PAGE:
Current implants under consideration consist of a silicon wafer that contains many tiny photodiodes, devices that convert light into electrical signals, integrated into an array of electrodes that use this electricity to stimulate nearby neurons. Unfortunately, clinical trials of current designs aren’t showing the kind of vision improvements that researchers (and, more importantly, patients) hope for.
In this new research, William Watterson, Rick Montgomery, and Richard Taylor explored a possible new design for the electrodes on retinal implants, a design based on fractal geometry. Fractals are patterns that repeat on different scales, like the way a broccoli floret closely resembles a head of broccoli. Fractals appear throughout nature—in seashells, rivers, snowflakes, blood vessels, the cytoskeleton of living cells, and in the structure of neurons.
|The fractal structure of broccoli is particularly evident in the “Romanesco” variety.
Image Credit: Wiki user AVM (CC BY-SA 3.0)
Current implants use traditionally shaped electrodes, like squares. However, the Oregon team realized that fractal structures have properties that could be a good match for what’s required in an implant electrode, and that this type of design might interface better with neurons.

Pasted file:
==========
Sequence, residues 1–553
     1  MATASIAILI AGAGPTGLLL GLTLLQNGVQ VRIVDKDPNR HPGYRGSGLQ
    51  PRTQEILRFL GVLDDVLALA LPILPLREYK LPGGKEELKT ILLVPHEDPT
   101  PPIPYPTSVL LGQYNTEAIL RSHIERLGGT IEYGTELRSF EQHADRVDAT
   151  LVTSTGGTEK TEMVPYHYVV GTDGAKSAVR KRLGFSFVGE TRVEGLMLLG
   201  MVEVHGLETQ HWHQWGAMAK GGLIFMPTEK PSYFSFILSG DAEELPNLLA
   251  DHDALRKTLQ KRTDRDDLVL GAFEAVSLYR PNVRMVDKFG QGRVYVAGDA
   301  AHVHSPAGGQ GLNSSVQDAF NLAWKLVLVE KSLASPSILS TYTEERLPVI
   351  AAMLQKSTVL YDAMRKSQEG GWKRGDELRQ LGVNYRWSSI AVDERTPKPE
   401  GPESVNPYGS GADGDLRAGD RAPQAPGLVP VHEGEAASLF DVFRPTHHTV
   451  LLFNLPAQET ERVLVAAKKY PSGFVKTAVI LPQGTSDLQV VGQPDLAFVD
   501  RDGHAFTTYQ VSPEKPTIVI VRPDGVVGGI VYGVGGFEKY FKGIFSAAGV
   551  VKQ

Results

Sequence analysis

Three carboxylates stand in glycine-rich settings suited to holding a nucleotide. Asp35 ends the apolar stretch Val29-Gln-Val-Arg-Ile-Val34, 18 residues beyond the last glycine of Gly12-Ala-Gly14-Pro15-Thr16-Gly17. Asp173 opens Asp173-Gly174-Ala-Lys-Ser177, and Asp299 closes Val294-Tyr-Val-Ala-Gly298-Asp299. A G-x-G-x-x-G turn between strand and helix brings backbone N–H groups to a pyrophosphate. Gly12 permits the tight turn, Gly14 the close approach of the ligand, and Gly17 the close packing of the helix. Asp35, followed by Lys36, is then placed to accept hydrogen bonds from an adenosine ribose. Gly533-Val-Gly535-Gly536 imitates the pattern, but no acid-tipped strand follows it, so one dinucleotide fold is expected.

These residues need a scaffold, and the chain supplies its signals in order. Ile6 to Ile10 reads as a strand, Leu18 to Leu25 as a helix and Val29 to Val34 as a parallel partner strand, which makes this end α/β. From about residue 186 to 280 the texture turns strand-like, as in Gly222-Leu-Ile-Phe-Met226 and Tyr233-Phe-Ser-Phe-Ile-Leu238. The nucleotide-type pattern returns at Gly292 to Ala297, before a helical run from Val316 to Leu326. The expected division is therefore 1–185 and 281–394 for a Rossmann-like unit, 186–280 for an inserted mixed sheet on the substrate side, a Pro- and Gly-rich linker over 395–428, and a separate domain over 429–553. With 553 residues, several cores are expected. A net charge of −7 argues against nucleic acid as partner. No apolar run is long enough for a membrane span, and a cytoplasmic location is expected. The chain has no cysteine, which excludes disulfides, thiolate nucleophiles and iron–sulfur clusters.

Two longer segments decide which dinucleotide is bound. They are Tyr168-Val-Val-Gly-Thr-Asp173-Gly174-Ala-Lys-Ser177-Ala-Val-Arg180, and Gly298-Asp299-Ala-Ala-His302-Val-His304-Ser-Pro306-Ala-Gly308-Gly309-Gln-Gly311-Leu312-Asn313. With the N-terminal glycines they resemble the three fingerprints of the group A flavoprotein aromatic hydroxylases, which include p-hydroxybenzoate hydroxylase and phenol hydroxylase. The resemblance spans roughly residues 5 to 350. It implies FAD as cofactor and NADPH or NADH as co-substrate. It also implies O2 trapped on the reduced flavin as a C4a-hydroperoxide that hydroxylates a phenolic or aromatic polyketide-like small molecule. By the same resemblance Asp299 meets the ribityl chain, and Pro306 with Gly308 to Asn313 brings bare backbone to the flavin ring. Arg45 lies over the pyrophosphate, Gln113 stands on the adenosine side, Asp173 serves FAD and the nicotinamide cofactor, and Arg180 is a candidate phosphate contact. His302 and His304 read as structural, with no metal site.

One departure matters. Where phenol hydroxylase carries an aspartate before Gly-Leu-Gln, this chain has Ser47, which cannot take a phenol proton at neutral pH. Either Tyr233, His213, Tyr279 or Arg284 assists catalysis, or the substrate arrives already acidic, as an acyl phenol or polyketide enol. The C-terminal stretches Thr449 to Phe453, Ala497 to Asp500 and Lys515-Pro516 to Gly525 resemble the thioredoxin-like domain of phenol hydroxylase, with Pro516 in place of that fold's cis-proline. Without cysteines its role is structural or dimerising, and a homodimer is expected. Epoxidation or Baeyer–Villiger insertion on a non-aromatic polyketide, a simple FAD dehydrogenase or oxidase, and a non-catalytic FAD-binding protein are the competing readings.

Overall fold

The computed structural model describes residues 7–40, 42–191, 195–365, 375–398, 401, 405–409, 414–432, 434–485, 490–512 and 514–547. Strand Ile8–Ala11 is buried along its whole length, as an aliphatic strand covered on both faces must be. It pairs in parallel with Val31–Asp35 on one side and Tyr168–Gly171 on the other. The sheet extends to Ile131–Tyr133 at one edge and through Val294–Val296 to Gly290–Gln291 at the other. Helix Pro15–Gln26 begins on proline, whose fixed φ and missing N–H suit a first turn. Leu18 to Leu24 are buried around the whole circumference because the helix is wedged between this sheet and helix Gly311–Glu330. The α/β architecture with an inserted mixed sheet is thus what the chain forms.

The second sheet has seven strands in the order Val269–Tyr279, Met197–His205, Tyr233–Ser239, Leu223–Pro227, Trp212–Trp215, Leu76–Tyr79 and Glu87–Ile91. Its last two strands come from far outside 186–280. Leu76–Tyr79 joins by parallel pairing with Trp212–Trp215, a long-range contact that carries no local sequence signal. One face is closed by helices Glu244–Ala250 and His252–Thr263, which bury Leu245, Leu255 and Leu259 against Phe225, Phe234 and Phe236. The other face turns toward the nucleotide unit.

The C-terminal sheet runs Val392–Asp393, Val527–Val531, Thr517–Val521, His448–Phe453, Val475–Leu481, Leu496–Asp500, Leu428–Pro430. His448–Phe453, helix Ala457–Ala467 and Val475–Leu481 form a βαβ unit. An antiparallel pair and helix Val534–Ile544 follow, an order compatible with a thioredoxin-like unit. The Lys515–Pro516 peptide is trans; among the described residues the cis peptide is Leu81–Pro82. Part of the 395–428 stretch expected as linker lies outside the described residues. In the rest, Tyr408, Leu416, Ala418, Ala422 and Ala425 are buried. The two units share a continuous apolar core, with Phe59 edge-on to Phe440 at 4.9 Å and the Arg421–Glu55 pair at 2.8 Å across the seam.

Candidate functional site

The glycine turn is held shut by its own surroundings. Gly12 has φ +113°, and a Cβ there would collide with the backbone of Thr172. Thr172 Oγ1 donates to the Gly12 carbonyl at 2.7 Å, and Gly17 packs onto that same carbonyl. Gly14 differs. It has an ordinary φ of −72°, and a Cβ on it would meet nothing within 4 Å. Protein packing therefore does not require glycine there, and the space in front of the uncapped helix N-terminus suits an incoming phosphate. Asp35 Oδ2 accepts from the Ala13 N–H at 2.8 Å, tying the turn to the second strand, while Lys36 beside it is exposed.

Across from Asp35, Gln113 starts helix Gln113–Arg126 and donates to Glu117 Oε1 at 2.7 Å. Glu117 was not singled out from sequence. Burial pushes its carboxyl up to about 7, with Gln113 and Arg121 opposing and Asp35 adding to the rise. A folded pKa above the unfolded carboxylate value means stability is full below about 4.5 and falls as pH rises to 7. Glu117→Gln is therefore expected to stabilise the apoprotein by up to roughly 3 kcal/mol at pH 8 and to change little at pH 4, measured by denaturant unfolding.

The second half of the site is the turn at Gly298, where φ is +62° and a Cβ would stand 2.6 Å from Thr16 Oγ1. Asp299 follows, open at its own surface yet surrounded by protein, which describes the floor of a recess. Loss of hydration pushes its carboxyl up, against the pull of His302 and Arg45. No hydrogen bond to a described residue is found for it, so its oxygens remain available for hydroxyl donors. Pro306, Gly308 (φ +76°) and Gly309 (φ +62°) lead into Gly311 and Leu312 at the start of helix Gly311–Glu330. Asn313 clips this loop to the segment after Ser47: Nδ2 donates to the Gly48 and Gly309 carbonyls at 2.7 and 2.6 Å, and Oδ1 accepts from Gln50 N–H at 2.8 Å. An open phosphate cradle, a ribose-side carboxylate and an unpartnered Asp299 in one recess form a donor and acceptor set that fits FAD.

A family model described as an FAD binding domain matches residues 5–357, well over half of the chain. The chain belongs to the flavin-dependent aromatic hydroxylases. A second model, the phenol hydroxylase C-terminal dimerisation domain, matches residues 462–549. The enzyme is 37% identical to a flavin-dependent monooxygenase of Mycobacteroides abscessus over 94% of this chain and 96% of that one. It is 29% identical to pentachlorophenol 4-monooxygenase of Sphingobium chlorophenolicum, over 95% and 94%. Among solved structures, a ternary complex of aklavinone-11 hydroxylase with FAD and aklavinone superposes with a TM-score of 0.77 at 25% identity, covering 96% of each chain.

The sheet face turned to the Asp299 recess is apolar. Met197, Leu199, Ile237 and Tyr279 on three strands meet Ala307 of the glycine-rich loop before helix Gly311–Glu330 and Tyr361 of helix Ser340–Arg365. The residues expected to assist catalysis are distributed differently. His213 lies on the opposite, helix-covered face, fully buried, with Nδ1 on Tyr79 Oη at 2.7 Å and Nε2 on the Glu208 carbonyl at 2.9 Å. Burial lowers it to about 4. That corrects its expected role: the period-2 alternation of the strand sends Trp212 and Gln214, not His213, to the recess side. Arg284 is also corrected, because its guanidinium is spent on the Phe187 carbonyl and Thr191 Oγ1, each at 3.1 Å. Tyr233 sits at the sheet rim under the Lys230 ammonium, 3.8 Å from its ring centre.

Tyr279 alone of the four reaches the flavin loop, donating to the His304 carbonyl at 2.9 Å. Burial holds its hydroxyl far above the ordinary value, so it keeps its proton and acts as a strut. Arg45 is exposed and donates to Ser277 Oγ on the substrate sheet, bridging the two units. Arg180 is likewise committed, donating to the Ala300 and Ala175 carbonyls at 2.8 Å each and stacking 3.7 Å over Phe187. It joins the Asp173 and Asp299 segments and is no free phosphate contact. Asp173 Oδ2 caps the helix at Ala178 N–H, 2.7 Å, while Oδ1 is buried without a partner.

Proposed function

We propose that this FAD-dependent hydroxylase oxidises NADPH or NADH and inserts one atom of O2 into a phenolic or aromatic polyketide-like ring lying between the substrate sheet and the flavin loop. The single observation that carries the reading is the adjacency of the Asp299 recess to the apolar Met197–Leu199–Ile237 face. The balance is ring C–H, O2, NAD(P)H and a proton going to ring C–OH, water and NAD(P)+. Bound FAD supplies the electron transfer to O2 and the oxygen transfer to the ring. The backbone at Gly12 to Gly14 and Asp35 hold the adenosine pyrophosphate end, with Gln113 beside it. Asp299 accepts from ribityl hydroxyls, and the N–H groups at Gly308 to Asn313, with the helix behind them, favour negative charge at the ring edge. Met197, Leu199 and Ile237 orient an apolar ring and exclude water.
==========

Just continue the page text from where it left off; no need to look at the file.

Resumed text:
To explore this idea, they turned to computer simulations. The team began by modeling simple retinal implants consisting of two electrodes, an inner electrode and an outer electrode. The inner electrode, the one at the heart of the design, had the shape of either a square, grid, or fractal pattern. These virtual electrodes were immersed in retinal tissue.
First, the researchers looked at how electrical charge (like that from a photodiode) spread out through each electrode. The simulations showed that the fractal electrode stored more electricity than the other two shapes and generated a uniform electric field. Since it stored more electricity, the fractal electrode was able to generate a stronger electric field that reached farther outward than the other two designs, stimulating more neurons.
To explore this in detail, the researchers placed nine neurons directly above each inner electrode. Then, they ran the simulation and compared the point at which all nine neurons were stimulated for each design. The results show that the fractal electrode stimulated all of its neurons at a lower voltage than the grid electrode, and at a much lower voltage than the square electrode. In other words, the fractal design was by far more efficient at stimulating neurons than current designs.
Practically, this suggests that replacing the square electrodes on retinal implants with fractal electrodes could significantly increase the sharpness, or resolution, with which patients can see. Not to 20/20 vision, but perhaps to a point where people that experienced significant loss can once again navigate rooms and streets without assistance. The results also suggest that fractal electrodes may be useful for stimulating neurons in other areas of the body. Fractal implants are still a long way from being listed as options on hospital brochures, but it seems like this nature-inspired idea is well worth pursuing.